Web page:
Sometimes after the rush of the fourth quarter is over, rising Seniors start getting “cold feet” about their thesis proposal topic. Or, maybe you proposed two or three topics, and you’re still figuring out how to decide between them. It’s normal to reconsider your topic with the extra head-space available in the summer. If you’re thinking it over, that’s normal and healthy, so no fear. Here are some questions to ask yourself as you finalize your topic and book list, and start doing your research for the summer workbook:
1. Am I really in love with this topic? Or did I just pick it because it will “look good” in some way? Trying to impress people with your topic – whether you are thinking college apps, your parents, your peers, the faculty, or anyone else – is going to backfire. Senior Thesis is a lot of work, and it is only sustainable for the full year if you are truly, inherently in your own heart and mind in love with the topic. Consider picking the one that makes you smile.
2. How challenging is it to discover the thesis possibilities from the research? In theory, senior thesis could be about any topic. Practically speaking, however, some topics lend themselves more readily to serious debate than others. Topics that are contentious social challenges in need of a solution – poverty, racism, climate change, healthcare, etc. – have immediate, obvious debates to join. That does not mean they are better senior thesis topics, but it does mean it will take less additional work to focus the research into an argument. Likewise, more scientific topics where you could be collecting data or running models to prove or disprove a hypothesis are relatively easy to form into a thesis. Other topics – for example, metal detecting – may be a passion, but as a thesis topic would require a lot of detailed digging to find an actual source of debate. If you are deciding between two topics that you are equally passionate about, but one has a clearer path to a thesis (even if you don’t know what it is yet), that may be the better topic choice, especially considering all of your other responsibilities senior year.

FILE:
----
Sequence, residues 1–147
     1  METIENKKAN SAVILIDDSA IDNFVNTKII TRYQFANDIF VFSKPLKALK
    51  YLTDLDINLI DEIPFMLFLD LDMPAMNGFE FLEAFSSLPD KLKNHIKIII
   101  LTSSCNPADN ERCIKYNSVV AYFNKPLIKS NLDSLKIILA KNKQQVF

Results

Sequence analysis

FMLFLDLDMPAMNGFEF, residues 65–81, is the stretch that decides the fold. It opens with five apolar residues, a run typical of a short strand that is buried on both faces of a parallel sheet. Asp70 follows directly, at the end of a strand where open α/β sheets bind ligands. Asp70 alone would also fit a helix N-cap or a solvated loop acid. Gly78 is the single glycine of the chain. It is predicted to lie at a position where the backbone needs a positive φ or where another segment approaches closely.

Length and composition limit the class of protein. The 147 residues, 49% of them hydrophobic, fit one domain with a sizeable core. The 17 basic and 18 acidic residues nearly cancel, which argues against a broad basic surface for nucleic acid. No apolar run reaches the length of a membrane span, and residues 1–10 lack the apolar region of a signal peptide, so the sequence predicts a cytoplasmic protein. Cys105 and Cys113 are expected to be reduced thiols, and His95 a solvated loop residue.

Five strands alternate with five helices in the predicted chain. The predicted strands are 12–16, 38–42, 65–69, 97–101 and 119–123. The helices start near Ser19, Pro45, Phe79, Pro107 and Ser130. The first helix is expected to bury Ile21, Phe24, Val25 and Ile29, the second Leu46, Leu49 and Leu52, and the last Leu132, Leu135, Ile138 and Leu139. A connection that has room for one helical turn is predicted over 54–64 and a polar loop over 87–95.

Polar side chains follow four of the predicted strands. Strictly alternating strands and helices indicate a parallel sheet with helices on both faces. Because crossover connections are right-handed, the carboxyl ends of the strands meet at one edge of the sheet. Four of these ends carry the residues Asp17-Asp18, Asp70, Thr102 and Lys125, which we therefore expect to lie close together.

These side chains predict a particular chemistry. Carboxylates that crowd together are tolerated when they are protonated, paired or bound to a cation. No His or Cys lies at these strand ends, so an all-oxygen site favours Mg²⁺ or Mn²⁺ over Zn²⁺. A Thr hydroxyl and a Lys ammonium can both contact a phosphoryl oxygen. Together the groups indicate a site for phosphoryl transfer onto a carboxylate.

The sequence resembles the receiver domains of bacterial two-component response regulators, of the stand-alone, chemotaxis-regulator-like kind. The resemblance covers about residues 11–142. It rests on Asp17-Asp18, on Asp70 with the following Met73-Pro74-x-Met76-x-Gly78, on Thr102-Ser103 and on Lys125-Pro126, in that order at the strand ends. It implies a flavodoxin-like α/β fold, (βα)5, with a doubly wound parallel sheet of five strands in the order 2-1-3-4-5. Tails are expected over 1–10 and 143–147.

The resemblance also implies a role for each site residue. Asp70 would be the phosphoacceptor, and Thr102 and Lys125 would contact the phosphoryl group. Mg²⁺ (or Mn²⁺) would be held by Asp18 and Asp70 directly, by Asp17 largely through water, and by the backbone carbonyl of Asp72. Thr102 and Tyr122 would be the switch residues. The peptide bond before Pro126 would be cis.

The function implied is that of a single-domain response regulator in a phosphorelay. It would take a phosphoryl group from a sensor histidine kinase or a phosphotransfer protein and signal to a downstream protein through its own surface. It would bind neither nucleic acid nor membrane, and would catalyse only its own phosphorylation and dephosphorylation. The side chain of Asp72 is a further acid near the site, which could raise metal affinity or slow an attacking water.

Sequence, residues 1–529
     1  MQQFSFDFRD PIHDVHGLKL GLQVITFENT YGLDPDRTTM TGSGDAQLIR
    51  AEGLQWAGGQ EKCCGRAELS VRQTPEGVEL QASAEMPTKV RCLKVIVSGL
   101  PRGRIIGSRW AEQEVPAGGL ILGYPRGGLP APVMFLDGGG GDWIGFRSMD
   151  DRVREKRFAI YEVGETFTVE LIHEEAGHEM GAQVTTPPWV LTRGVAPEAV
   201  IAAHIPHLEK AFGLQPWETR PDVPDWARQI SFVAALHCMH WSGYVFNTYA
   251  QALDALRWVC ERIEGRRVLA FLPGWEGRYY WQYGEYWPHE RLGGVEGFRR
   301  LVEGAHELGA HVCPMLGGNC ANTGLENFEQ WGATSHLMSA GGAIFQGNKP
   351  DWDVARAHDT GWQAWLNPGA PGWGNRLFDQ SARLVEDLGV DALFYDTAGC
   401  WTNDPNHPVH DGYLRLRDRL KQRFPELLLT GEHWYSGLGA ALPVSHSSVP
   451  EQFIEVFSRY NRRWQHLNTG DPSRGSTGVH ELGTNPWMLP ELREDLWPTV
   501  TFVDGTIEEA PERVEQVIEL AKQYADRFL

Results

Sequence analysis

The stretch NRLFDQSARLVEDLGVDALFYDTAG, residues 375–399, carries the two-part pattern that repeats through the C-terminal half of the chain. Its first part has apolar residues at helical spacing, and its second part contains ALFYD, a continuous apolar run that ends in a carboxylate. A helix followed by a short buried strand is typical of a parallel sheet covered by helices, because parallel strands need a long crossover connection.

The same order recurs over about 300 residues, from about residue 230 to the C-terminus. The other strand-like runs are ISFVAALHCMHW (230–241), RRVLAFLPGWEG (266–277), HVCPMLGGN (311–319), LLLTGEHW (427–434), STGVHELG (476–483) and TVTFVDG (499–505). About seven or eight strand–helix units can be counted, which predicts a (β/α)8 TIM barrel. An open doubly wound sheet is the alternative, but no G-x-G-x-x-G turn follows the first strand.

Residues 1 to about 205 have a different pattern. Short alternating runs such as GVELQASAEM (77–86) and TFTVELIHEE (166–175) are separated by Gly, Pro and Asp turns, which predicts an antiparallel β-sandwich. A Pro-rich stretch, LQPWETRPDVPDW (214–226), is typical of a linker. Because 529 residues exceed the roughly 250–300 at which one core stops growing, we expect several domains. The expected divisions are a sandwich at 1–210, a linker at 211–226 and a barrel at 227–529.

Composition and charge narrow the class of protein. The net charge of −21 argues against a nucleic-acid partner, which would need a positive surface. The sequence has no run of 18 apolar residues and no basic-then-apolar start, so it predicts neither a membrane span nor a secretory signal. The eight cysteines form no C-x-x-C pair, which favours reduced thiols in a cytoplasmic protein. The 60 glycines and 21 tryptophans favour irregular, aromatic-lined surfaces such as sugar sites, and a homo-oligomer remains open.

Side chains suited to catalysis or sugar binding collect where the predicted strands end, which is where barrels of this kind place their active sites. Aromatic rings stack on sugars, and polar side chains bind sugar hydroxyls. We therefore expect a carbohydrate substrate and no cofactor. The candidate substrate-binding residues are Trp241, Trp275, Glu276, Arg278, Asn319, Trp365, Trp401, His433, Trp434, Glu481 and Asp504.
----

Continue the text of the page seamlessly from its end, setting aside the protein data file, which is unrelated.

3. Am I trying too hard to match the topic to my possible future college major? Your whole senior year is going to be orbiting around college. If you think you might benefit from some balance, it really is OK to choose a topic that’s not directly related to your future plans. That’s not to say that you need to avoid your favorite topic, either – it’s just OK to consider other options. Senior Thesis will not be done in time to put on a college application; rather the process is about developing the skills that will serve you very well in college no matter what your major ends up being. You have the flexibility to do the topic you want (keeping #1 and #2 in mind!).
Do you have questions for Ms. Farris about your Senior Thesis topic? Email anytime!